One of the critical factors to consider when determining if now is the time to buy a home is your ability to make a down payment.
As an indicator of your financial readiness to follow through on the purchase of a home once you enter into contract, your down payment can significantly affect how competitive your offer is to a seller. This is especially true in a hot market, where sellers often have the ability to choose among multiple offers.
Yet, according to a recent survey by Zillow, saving for a down payment is the most common barrier to home ownership among renters looking to buy.
Fortunately, there are several down payment assistance (DPA) programs available offering financial assistance to those who qualify, including programs for first-time homebuyers, educators, public safety workers, and more.
Learning about down payment assistance programs, the types available, and typical eligibility requirements can help you determine if applying for a DPA is right for you.
What Are Down Payment Assistance (DPA) Programs?
Down payment assistance (DPA) programs are funds that offer financial aid to help specific homebuyers buy a home. These programs help reduce the amount needed to save for a down payment, generally the most significant closing cost for buyers.
Down payment assistance programs are designed to provide options to people who otherwise may not be able to buy a home.
What the programs provide, their requirements, and who is eligible for the funds can vary. For example, some loans are interest-free, others may have lower rates than your first mortgage, and some may require the same or a higher rate. Therefore, it’s important to research your options, so you find the right one for you.
5 Common Types of Down Payment Assistance Programs
Down payment assistance programs are often run by the state, county, or city governments. As a result, the types of assistance available will vary by location.
With more than 2,000 different programs offered nationwide, sorting through available programs can be confusing for some people. However, there are typically five types of DPA, which you can narrow by looking at the options in your city, county, or state. Here are the most common types of down payment assistance programs.
1. Deferred payment zero-interest loans
Deferred payment loans allow you to delay when you need to start repaying the loan. The payback period can be put off for several years.
The advantage is that you can use that money for your down payment without needing to focus on setting aside money immediately to start repaying the loan. However, look for a zero-interest loan. Otherwise, you can quickly build up interest. You do eventually have to pay off this type of loan.
2. Forgivable zero-interest loans
Forgivable zero-interest loans don’t require that you repay the money if you complete the conditions of the loan. These loans typically have a zero interest rate.
A common condition is agreeing to live in the house for a particular number of years. The amount of time you must live in the home before the lender forgives the loan can vary. For instance, you may need to live in the home for as few as five years or as many as 15 or 20.
If you move, refinance, or sell before you meet the loan conditions, you’ll have to pay back a portion or all of the forgivable loan.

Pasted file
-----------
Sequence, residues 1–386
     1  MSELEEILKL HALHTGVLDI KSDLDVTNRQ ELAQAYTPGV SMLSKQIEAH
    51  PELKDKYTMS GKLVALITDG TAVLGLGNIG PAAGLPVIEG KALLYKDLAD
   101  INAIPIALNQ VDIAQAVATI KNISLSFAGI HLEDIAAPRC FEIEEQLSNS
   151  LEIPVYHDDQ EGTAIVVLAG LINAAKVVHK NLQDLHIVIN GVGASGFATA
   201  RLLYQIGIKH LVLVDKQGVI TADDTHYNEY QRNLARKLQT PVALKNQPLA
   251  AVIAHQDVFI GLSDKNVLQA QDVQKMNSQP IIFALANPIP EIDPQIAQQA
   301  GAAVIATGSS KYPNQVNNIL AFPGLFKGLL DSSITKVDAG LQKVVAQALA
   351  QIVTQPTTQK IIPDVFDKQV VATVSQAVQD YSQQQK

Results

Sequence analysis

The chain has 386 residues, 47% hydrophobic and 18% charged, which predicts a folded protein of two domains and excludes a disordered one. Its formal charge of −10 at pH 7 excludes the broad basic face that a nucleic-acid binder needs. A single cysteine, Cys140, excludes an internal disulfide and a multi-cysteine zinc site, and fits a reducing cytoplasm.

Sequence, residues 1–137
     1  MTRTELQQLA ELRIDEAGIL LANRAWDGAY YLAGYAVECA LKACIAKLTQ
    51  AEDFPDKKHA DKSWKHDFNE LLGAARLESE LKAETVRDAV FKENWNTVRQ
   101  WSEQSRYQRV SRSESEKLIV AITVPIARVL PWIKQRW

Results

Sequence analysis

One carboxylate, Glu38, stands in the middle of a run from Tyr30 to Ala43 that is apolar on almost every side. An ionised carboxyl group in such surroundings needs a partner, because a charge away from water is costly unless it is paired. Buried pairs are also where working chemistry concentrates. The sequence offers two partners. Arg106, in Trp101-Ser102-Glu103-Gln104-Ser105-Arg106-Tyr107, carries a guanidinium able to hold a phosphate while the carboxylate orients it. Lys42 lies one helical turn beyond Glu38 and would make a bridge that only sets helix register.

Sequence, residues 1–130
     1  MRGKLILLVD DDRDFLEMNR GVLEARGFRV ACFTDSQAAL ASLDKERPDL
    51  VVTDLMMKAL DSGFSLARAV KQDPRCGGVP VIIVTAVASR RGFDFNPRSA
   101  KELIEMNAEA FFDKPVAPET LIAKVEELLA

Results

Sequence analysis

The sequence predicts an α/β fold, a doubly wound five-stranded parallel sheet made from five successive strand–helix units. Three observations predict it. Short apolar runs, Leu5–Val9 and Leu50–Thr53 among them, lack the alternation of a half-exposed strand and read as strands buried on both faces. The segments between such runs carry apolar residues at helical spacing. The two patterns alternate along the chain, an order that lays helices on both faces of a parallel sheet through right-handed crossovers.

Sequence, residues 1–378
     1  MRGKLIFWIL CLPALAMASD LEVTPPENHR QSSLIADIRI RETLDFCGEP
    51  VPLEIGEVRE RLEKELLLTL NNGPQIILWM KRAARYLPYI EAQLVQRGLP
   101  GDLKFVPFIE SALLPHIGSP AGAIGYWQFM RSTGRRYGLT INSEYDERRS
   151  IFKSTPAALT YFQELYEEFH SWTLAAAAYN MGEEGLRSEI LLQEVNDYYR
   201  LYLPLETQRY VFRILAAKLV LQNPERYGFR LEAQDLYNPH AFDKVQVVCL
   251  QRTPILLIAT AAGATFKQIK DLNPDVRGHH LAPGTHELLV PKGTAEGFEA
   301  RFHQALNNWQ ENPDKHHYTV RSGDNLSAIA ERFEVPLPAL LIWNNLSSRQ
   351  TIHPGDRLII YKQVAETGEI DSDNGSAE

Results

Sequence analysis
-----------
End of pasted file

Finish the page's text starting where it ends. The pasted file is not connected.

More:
3. Low-interest loans
Another option to help secure a down payment is to get a low-interest loan. That said, many lenders won’t allow you to use an unsecured loan, such as a personal loan, for your down payment. An exception is if the loan is through an employer assistance program. Typically, you’ll have to provide some form of collateral, such as a car, for this type of loan.
Alternatively, you may be able to take a loan from your 401(k). This approach does require that you pay back the loan with interest within a set period. You often can borrow up to 50 percent of your account balance or $50,000. Please note, not all 401(k) programs allow this. Additionally, be sure you can pay it back as scheduled. If you don’t, it becomes taxable income.
4. Matched savings programs
You may be able to use a matched savings program to help cover your down payment. These programs require you to deposit money into an account with a government agency, bank, or community organization. The institution will match the amount that you deposit. You can use the total amount of money in the account for your down payment.
Grants are often preferred because they offer free money that you don’t need to pay back. You can find grant opportunities from nonprofits, your local government, and sometimes employers. These are typically tailored to a particular group or area of need.
How Much Assistance Can You Receive?
The amount of assistance you’ll receive depends on the DPA. Some down payment assistance programs provide a percentage based on the house’s sale price. Other programs have a set limit on the dollar amount they will provide.
What Factors Determine Eligibility for Down Payment Assistance?
There are several factors involved when determining your eligibility for a down payment assistance program. Additionally, some requirements are based on the homebuyer, while other factors depend on the home being purchased.
Programs may also be designed to serve specific people, situations, or needs and vary by state. Therefore, you must do your research, so you can find the right program for your needs.